I was happy to see that the authors published this article in PlosOne. I was following their work a while ago, but had lost track (plus, when asked, the last author implied that they had moved on to new projects). So here's the citation and then I'll summarize and comment.
Divoli, A., Wooldridge, M., & Hearst, M. (2010). Full Text and Figure Display Improves Bioscience Literature Search PLoS ONE, 5 (4) DOI: 10.1371/journal.pone.0009619
The authors created a prototype information system that used Lucene to index the metadata for open access biomed articles, the full text, and the captions for images and tables. The interface is set up to allow you to use one search box and then radio buttons to select full text and abstracts, figure captions, or tables. In the first, the results are sort of like the standard metadata and abstract with key word in context excerpts and extracted images. For figure captions, you can either have a grid of figures, or a list. For tables, you get a citation, the table caption, and the table. The article spends a good deal of time discussing design decisions, providing a tutorial for creating your own.
To build the prototype, they got the XML from PubMed Central, pulled out authors, images, captions, abstracts... They made different sizes of the images for quick retrieval later.They then included different fields with different weights depending on what you select to search. They then got a group of biologists (n=20 although number isn't really important for qualitative studies), and ran them through a study. The participants provided the query and looked at it in each view, thinking aloud about their reactions and steps. They were then asked a few questions about each interface
The majority of the participants would choose to use this type of interface for at least some of their searching. Seems like they got the full text search, but were not quite as sure about the table search. Some thought it would be useful for getting right to the results but several didn't think they would use it.
Now for some commentary...
I was somewhat critical in my post I linked to above, but I really think this is promising stuff. The authors point out that this is very dependent on access to the full text and also won't be universally useful. There are plenty of search situations in which the images wouldn't be used, but they should be an option. Since my earlier post, CSA has added "deep indexing" to more of their files. It's not the same as their dedicated Illustrata product, which is more like Biotext.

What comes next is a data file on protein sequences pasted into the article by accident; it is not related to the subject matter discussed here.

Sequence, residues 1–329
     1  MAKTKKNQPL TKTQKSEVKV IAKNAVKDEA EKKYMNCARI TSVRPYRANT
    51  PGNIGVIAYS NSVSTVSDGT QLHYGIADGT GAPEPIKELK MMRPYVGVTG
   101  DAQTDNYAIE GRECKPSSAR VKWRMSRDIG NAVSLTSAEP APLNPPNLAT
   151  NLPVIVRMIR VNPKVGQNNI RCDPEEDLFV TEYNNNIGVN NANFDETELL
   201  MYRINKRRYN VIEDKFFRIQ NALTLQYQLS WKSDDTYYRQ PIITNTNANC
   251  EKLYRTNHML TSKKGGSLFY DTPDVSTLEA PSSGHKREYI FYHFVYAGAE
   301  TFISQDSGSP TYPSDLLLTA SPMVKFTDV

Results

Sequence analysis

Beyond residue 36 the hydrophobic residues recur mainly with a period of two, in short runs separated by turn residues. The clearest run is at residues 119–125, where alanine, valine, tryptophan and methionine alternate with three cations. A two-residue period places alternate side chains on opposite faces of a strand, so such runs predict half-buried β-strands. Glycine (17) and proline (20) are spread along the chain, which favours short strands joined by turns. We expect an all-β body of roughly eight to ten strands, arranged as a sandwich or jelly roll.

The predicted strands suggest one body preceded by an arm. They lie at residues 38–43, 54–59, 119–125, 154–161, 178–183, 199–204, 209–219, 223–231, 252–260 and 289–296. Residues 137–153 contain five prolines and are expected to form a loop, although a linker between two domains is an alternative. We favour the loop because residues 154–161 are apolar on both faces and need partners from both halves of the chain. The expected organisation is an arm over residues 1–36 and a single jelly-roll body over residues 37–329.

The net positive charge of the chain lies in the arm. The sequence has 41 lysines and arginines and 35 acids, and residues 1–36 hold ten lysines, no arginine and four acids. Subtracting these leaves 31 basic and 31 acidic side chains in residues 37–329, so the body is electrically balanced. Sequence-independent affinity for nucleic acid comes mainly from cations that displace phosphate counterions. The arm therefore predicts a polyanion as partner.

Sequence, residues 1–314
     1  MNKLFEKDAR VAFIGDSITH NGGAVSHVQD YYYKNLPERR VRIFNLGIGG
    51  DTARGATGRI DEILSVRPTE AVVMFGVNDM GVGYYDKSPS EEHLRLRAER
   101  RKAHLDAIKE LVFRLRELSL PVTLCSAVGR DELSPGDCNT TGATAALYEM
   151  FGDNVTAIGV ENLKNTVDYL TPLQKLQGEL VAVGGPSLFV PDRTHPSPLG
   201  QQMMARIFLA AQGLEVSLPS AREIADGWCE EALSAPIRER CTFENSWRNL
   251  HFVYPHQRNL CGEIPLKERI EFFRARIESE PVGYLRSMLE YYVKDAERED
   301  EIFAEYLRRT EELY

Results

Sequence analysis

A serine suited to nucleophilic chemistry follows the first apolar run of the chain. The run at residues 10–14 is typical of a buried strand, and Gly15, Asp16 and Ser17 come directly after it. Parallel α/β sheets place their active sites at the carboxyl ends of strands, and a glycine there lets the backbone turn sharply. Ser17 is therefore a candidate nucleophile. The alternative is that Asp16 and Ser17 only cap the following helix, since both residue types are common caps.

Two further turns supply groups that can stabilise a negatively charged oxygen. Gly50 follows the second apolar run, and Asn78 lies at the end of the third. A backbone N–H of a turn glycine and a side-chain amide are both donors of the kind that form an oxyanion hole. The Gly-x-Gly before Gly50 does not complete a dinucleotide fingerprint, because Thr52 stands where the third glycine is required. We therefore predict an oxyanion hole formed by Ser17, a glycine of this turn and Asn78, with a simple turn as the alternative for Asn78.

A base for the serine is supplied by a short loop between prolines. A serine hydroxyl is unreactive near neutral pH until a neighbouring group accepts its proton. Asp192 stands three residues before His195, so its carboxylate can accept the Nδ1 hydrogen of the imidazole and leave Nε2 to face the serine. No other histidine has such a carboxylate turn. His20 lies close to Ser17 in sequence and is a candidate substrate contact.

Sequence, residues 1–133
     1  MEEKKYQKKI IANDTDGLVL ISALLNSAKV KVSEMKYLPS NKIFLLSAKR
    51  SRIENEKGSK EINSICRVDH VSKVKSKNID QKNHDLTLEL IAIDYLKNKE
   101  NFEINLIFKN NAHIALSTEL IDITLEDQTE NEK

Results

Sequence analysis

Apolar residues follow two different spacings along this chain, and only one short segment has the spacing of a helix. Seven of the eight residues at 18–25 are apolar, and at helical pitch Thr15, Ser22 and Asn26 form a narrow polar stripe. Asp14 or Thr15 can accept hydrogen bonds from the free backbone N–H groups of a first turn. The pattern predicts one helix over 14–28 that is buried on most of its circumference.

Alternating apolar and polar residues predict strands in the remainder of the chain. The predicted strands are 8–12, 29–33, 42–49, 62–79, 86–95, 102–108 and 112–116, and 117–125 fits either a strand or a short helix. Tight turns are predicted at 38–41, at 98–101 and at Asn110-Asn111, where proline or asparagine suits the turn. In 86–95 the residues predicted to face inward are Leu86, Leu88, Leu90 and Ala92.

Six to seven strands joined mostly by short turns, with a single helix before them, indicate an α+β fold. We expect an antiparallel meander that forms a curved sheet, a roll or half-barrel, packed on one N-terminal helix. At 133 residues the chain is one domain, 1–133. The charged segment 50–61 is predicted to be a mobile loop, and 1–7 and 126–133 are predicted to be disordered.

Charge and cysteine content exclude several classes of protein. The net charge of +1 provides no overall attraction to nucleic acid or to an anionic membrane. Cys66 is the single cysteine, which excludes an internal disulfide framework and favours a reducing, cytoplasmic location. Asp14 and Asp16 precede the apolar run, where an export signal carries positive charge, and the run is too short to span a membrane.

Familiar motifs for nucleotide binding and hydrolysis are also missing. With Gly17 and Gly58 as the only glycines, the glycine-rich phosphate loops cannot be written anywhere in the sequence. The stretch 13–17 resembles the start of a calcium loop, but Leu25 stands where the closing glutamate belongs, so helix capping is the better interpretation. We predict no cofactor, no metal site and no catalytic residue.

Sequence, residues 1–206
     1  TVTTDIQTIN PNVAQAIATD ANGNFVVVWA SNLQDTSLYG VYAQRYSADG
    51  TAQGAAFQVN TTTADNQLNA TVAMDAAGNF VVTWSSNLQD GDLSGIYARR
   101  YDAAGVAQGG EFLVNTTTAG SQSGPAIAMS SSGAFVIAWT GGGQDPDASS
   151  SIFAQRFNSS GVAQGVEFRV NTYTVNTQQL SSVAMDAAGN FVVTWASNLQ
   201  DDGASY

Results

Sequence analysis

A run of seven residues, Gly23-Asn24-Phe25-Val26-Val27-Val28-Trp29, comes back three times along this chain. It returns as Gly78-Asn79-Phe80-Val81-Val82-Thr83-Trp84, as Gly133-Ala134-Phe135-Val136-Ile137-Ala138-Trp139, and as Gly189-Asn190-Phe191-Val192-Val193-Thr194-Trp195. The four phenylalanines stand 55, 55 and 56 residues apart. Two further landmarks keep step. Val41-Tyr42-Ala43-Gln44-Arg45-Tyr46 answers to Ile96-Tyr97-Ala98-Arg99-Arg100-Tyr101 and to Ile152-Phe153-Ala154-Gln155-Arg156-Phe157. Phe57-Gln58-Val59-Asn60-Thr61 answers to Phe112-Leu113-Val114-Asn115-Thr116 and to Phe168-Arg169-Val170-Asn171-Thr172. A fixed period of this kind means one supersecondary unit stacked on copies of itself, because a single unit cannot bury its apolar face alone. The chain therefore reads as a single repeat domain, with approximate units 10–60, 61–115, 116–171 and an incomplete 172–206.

Publishers have the full text, so some of them are also making the images and tables available outside of the article. For example, both ACS and RSC have added images to their RSS feeds. ScienceDirect has a tables and images tab on their articles - which is nice for scanning to see if the article is relevant. PlosOne lets you look through a list of the tables and images, download a ppt or high quality image.
Springer Images also lets you search the tables and captions to get pictures. It also indexes the context of the reference to the image in the text. You also get a link to the article and excerpts like on Google Books. My colleague at work pointed out that it is useful for finding phase diagrams.
But more than all of that, there's been a lot of talk recently about disaggregating the journal article or even doing away with the whole and just using the pieces. If so, maybe this is an intermediate step.
Christina, do you know how much of this figure/table information can also be found via Google search?
Good question. Certainly Google could index all of the content Biotext covers (as can anyone), but precisely what Google indexes and when is not provided. This is a sore point with librarians. Clearly CSA and Springer index things that are covered with a standard copyright, but both provide data to Google. One would assume that they don't "give away the store" to Google, but I don't know what that boundary is. I also do not know how the Google team weights metadata from various parts of an article. Do they take the XML feed from PMC and treat the abstract differently from the full text?
A lot of what this team (and the Tenopir & Sandusky team) did was to understand *how* to make the images and tables available. It would be interesting to compare the google image search with the biotext image search - for a search that was very clearly within the biomed domain. The authors also point out that snapshots of the whole page in search results typically aren't that useful - does Google pull out images in scholar? I haven't seen it if they do.
Good question. Certainly Google could index all of the content Biotext covers (as can anyone), but precisely what Google indexes and when is not provided.